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Grab this Microsoft update now if your PC was affected by the Spectre fixes

The last few weeks have been rough for technology manufacturers and users alike, with the Meltdown and Spectre exploits making headlines and requiring fixes that can slow down our gadgets. Intel issued microcode fixes for its own CPUs meant to address the issue and then quickly retracted them due to system reboots and instability. Now, Microsoft has concluded that fixes meant to address the Spectre Variant 2 exploit are bad enough to cause data loss, and its issued its own fix.

For now, this fix comes via a support bulletin that it issued the following statement:

“Intel has reported issues with recently released microcode meant to address Spectre Variant 2 (CVE 2017-5715 Branch Target Injection) — specifically Intel noted that this microcode can cause “higher than expected reboots and other unpredictable system behavior” and then noted that situations like this may result in “data loss or corruption.” Our own experience is that system instability can in some circumstances cause data loss or corruption. On January 22, Intel recommended that customers stop deploying the current microcode version on impacted processors while they perform additional testing on the updated solution. We understand that Intel is continuing to investigate the potential impact of the current microcode version and encourage customers to review their guidance on an ongoing basis to inform their decisions.”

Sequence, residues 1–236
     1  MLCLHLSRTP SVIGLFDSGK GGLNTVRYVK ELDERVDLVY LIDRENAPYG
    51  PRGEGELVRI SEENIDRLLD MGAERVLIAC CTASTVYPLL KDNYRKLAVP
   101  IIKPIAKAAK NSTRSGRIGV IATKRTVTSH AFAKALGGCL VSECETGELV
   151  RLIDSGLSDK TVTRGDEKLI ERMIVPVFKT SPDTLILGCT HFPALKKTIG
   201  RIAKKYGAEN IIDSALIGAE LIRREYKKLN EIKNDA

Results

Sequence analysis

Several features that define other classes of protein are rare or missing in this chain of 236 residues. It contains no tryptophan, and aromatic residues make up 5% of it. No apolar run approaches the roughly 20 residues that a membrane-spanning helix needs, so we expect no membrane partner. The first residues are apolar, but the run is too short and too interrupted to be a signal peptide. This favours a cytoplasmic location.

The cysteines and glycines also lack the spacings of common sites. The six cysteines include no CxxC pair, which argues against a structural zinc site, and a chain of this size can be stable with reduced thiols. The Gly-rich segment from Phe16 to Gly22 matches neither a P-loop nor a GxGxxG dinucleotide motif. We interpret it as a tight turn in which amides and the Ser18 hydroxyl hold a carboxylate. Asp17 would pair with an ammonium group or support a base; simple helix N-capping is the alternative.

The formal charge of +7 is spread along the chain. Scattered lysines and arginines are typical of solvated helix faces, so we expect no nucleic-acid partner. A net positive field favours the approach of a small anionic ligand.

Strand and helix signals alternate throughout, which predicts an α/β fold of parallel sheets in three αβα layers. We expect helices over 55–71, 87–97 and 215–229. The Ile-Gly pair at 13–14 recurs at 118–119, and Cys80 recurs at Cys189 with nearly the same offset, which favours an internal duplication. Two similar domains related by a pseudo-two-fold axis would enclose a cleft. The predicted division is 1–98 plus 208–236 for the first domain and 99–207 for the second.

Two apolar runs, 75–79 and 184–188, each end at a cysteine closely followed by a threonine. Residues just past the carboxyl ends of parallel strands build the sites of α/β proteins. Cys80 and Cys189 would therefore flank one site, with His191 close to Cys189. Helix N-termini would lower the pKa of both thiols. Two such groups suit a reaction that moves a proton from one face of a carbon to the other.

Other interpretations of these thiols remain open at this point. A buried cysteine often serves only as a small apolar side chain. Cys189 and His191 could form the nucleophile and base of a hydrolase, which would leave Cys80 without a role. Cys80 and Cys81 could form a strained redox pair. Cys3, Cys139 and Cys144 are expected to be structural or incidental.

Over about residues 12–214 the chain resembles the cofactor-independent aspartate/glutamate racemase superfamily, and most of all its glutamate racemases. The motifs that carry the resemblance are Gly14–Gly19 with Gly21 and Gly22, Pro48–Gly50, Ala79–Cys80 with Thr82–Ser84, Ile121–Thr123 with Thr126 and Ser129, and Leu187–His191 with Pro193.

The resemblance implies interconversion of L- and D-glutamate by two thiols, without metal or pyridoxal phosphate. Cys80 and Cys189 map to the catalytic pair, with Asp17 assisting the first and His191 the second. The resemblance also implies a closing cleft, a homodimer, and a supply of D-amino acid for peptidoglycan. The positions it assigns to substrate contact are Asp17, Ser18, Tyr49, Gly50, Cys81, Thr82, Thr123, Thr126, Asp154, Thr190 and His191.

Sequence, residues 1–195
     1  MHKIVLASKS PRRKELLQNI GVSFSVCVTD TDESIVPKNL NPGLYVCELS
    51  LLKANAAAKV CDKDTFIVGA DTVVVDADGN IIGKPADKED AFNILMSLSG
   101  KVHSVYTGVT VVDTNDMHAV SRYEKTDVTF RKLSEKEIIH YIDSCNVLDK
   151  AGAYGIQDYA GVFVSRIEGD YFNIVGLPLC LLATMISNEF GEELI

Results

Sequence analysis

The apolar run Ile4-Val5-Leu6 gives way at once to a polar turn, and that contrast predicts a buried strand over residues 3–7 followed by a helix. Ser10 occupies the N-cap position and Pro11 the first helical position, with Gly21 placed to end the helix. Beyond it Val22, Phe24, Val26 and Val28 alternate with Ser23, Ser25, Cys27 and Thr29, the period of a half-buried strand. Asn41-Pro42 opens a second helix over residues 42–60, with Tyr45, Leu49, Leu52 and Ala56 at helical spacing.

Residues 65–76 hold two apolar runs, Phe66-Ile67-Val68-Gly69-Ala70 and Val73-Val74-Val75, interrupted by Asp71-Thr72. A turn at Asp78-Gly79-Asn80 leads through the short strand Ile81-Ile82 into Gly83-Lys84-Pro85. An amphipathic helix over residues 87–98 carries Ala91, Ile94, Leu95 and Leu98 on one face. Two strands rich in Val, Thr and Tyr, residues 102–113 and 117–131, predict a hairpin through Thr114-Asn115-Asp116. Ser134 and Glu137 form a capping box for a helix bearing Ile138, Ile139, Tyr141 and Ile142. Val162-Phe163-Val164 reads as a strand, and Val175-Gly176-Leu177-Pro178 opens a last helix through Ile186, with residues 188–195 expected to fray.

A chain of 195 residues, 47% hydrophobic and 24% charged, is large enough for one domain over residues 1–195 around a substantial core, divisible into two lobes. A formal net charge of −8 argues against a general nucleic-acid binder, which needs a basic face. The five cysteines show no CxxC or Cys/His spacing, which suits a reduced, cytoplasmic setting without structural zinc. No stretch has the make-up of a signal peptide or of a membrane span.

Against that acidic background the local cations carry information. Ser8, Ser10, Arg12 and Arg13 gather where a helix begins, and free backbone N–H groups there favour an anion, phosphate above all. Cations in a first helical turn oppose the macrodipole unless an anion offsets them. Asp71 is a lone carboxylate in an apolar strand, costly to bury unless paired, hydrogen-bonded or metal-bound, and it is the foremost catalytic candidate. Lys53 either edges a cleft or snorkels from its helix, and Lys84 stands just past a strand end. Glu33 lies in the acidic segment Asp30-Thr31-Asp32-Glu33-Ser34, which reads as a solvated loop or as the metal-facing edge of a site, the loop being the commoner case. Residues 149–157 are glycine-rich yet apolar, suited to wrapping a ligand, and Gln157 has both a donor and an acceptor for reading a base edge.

Microsoft’s response, for now at least, is to simply turn off the mitigation against Spectre Variant 2. It provided an update that users can run at the Microsoft Update Catalog site, along with steps to manually disable and enable the mitigation by modifying the registry. The registry is a finicky thing, though, and so be careful if you choose the latter route.

While it’s usually a bad idea to turn off security measures meant to protect against known exploits, in this case, the damage that Intel’s bad microcode can cause clearly outweighs what Microsoft considers to be a negligible potential for harm. According to the company, there have been no known attacks based on Spectre Variant 2, at least as of Thursday, January 25.

Microsoft will likely issue a more widely available update once its official Patch Tuesday update rolls around next month. This emergency out-of-band update might be worth running in the meantime, though, particularly if any of your PCs have been acting a bit crazy since being updated with the Spectre fixes.

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